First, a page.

Credit to Washington Post
Precedent has now been set. Cities cannot claim”copyright infringement” if someone posts excerpts of video’s of city council meetings on YouTube that are critical of elected officials.
Inglewood must pay $117,741 for the meritless lawsuit against critic, judge rules.
Federal Judge Michael Fitzgerald ordered the city of Inglewood to pay the legal fees of a local resident whom the city unsuccessfully sued for using snippets of City Council meetings in YouTube videos.
In a 12-page decision filed Thursday, federal Judge Michael Fitzgerald awarded $117,741 to the lawyers at Davis Wright Tremaine who represented Joseph Teixeira. The judge rejected Inglewood’s argument that Teixeira’s legal team was not entitled to recover legal costs because the lawyers took on the case pro bono and charged exorbitant fees.
“The Court is … persuaded that a fee award is necessary to deter future meritless litigations of this kind,” Fitzgerald said in his decision.
Using a MacBook laptop, Teixeira created short videos that blasted Inglewood and its mayor, James T. Butts Jr. In March, the city of Inglewood filed a lawsuit against Teixeira, saying six of his online videos had caused the city “irreparable harm and damages.”
The city sought unspecified “actual damages stemming from the defendant’s unauthorized exploitation of the city’s copyrighted videos,” as well as legal fees, according to the lawsuit filed by Inglewood’s attorney, JoAnna M. Esty.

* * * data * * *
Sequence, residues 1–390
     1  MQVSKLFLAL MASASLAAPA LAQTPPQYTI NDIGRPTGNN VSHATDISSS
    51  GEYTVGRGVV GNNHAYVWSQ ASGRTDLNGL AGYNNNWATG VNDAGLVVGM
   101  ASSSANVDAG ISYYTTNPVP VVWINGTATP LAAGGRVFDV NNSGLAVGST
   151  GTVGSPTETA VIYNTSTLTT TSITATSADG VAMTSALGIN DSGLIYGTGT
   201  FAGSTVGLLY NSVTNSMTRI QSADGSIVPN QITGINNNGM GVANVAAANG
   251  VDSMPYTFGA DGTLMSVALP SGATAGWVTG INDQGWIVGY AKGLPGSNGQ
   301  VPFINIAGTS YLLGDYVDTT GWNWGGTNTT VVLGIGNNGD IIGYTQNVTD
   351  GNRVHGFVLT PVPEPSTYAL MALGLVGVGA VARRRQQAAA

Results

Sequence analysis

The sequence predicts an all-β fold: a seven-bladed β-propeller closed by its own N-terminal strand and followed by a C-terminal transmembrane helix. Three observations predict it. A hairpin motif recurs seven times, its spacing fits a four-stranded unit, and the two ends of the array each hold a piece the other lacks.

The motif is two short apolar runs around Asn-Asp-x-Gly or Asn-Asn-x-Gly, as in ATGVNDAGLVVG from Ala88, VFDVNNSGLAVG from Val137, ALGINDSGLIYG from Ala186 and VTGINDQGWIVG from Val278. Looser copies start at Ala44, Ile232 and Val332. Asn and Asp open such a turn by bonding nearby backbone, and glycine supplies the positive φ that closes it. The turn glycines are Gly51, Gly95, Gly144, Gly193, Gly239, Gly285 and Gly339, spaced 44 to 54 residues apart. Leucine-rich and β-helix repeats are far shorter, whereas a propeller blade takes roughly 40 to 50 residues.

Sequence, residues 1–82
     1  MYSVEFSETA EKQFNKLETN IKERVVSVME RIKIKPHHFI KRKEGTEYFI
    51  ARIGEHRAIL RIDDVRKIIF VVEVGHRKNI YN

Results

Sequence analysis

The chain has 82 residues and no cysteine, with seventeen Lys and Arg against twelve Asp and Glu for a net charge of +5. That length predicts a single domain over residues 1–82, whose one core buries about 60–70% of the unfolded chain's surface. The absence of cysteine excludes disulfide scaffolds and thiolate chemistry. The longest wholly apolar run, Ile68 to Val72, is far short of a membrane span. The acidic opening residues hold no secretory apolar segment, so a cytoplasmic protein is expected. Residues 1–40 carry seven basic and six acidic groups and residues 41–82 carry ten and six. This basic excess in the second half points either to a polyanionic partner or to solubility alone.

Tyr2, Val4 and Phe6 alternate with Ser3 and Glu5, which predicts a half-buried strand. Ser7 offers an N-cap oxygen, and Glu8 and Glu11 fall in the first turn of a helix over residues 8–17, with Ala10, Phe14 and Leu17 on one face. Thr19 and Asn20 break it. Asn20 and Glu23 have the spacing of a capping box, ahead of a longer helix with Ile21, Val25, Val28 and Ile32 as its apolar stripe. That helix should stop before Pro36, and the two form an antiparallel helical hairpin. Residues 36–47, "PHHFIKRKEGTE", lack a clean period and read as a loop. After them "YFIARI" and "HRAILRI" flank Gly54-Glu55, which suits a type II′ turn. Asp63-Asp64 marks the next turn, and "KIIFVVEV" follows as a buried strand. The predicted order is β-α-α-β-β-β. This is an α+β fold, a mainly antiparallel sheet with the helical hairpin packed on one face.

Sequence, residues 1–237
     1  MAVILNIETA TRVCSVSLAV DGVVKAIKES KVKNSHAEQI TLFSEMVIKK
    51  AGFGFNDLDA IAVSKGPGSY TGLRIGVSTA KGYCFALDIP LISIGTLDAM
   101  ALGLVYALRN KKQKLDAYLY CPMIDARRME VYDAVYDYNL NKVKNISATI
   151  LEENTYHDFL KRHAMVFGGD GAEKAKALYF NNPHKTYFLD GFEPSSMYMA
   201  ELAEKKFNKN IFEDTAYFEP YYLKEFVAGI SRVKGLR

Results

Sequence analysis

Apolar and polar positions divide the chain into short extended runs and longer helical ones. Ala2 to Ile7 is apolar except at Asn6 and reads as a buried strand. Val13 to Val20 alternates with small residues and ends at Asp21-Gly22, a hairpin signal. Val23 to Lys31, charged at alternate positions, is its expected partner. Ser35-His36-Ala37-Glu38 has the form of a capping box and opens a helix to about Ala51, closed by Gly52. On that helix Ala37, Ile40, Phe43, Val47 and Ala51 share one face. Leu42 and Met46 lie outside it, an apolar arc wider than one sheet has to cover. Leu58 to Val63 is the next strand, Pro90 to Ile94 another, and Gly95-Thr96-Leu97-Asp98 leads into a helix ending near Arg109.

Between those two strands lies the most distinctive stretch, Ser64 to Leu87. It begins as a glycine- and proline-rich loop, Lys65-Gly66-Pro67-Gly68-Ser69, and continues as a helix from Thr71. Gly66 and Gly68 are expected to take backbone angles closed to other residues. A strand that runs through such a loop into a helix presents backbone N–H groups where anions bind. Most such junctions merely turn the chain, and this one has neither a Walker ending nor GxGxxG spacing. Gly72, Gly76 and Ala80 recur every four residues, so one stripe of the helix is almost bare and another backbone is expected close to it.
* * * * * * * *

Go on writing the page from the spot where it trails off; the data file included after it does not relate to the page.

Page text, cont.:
In August, the judge ruled Teixeira did not violate the copyright of the council meeting. He noted that California law bars cities from claiming ownership of council videos.
Even if Inglewood could hold a copyright, the judge said, Teixeira would be allowed to use the videos under the law, which gives people a broad right to use copyrighted material without permission for purposes such as criticism, news reporting or teaching.
- Even if the City were permitted to hold a protectable copyright under the Copyright Act, its claims would still fail because Defendant’s videos are textbook examples of fair use works.
- The Court’s view is consistent with, although in no way influenced by, the universal condemnation the lawsuit received from legal academics and other experts in copyright, First Amendment, and public records law.
- Thursday’s decision concluded a highly unusual case that some legal experts — as well as the judge — called a blatant attempt to silence a political critic and a violation of his 1st Amendment rights.
“This lawsuit posed a serious threat to critical political expression,” Fitzgerald said in his decision.
The city set aside $50,000 to pay its own legal costs to bring the lawsuit.
The sad part about this story is that the taxpayers will have to foot the bill for this lawsuit.